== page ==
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Actas Dermosifiliogr. 2017 Nov;108(9):852-858. doi: 10.1016/j.ad.2017.05.009. Epub 2017 Jul 4.

Is it Useful to Calculate Minimal Erythema Dose Before Narrowband UV-B Phototherapy?

[Article in English, Spanish]

Author information

1
Servicio de Dermatología, Hospital Clínico Universitario, Santiago de Compostela, España. Electronic address: trgranados@mundo-r.com.
2
Unidad de Epidemiología e Investigación Clínica, Fundación I+D+i Ramón Domínguez, Santiago de Compostela, España.
3
Servicio de Dermatología, Hospital Clínico Universitario, Santiago de Compostela, España.

Abstract

INTRODUCTION AND OBJECTIVES:

The starting dose for narrowband UV-B phototherapy is determined by a patient's skin phototype or minimal erythema dose (MED). Calculation of MED identifies patients with unsuspected photosensitivity. The aim of this study was to investigate the influence of factors such as concomitant use of photosensitizing agents, diagnosis, and combination with acitretin in patients with psoriasis on the frequency and severity of adverse effects in patients with a low MED to narrowband UV-B phototherapy.

MATERIAL AND METHODS:

We undertook a retrospective observational cohort study between February 1, 2009 and March 31, 2015. MED values were classified as normal or low.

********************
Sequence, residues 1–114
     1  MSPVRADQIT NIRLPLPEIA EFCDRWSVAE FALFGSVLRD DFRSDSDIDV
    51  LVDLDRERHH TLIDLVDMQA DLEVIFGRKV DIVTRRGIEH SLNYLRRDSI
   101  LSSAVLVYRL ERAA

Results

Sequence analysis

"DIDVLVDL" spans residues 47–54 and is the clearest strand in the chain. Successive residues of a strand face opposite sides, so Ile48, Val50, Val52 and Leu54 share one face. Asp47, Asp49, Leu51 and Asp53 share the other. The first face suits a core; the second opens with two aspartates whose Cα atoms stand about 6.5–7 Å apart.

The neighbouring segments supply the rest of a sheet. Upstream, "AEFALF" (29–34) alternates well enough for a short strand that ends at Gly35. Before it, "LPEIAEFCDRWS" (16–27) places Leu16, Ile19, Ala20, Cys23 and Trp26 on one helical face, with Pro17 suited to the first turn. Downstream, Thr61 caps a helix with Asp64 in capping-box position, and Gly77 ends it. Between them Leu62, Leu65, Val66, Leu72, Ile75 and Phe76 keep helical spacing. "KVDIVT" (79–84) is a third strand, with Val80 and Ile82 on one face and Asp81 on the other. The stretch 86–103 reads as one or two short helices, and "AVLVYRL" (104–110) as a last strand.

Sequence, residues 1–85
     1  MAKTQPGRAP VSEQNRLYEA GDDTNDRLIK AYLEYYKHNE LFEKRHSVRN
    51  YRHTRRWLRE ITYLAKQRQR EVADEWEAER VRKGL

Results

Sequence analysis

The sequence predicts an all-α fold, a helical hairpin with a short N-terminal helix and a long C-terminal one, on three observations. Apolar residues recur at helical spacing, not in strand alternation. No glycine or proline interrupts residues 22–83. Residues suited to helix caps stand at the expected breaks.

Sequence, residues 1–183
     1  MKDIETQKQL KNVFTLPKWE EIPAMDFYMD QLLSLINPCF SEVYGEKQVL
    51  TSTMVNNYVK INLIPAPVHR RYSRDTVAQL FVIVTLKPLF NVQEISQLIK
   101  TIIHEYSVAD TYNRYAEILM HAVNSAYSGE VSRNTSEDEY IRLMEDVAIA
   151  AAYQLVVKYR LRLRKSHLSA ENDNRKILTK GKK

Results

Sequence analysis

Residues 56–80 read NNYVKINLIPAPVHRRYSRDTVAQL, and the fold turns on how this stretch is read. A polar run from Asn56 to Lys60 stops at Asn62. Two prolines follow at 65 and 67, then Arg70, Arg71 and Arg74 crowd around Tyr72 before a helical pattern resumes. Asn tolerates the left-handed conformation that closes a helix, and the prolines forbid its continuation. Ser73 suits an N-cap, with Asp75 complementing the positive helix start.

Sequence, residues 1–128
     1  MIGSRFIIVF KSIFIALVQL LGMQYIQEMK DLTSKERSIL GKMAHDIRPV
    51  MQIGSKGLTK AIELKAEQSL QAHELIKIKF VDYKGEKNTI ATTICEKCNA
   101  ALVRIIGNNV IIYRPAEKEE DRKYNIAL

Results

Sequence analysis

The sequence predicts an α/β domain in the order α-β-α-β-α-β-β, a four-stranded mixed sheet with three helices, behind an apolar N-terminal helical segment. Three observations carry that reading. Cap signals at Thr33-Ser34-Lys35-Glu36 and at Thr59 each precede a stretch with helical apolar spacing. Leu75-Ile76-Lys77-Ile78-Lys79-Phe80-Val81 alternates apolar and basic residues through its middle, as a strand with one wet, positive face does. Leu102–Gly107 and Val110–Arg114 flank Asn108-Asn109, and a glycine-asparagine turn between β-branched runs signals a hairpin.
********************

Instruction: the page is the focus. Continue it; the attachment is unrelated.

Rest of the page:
RESULTS:

In total, 302 patients with different skin conditions started narrowband UV-B phototherapy at a dose determined by their MED. No differences were found between patients with a low MED and those with a normal MED for number of drugs taken (P=.071) or use of photosensitizing agents (P=0.806). Following adjustment for age, sex, and phototype, the multivariate analysis showed that psoriasis exerted a protective effect against a low MED (OR=0.31 [95% CI, 0.16-0.58]). No significant risk of erythema or pruritus was detected in patients with a low MED (OR=1.68; 95% CI, 0.91-3.29 and OR=2.04; 95% CI, 0.99-4.22, respectively).

CONCLUSIONS:

Psoriasis protects against a low MED. Although erythema and pruritus were more common in patients with a low MED, the differences were not significant.

KEYWORDS:

Dosis eritematógena mínima; Fotosensibilidad; Fototerapia; Fototest; Minimal erythema dose; Narrowband ultraviolet B; Photosensitivity; Phototest; Phototherapy; Psoriasis; Ultravioleta B de banda estrecha

PMID:
28687116
DOI:
10.1016/j.ad.2017.05.009
[Indexed for MEDLINE]

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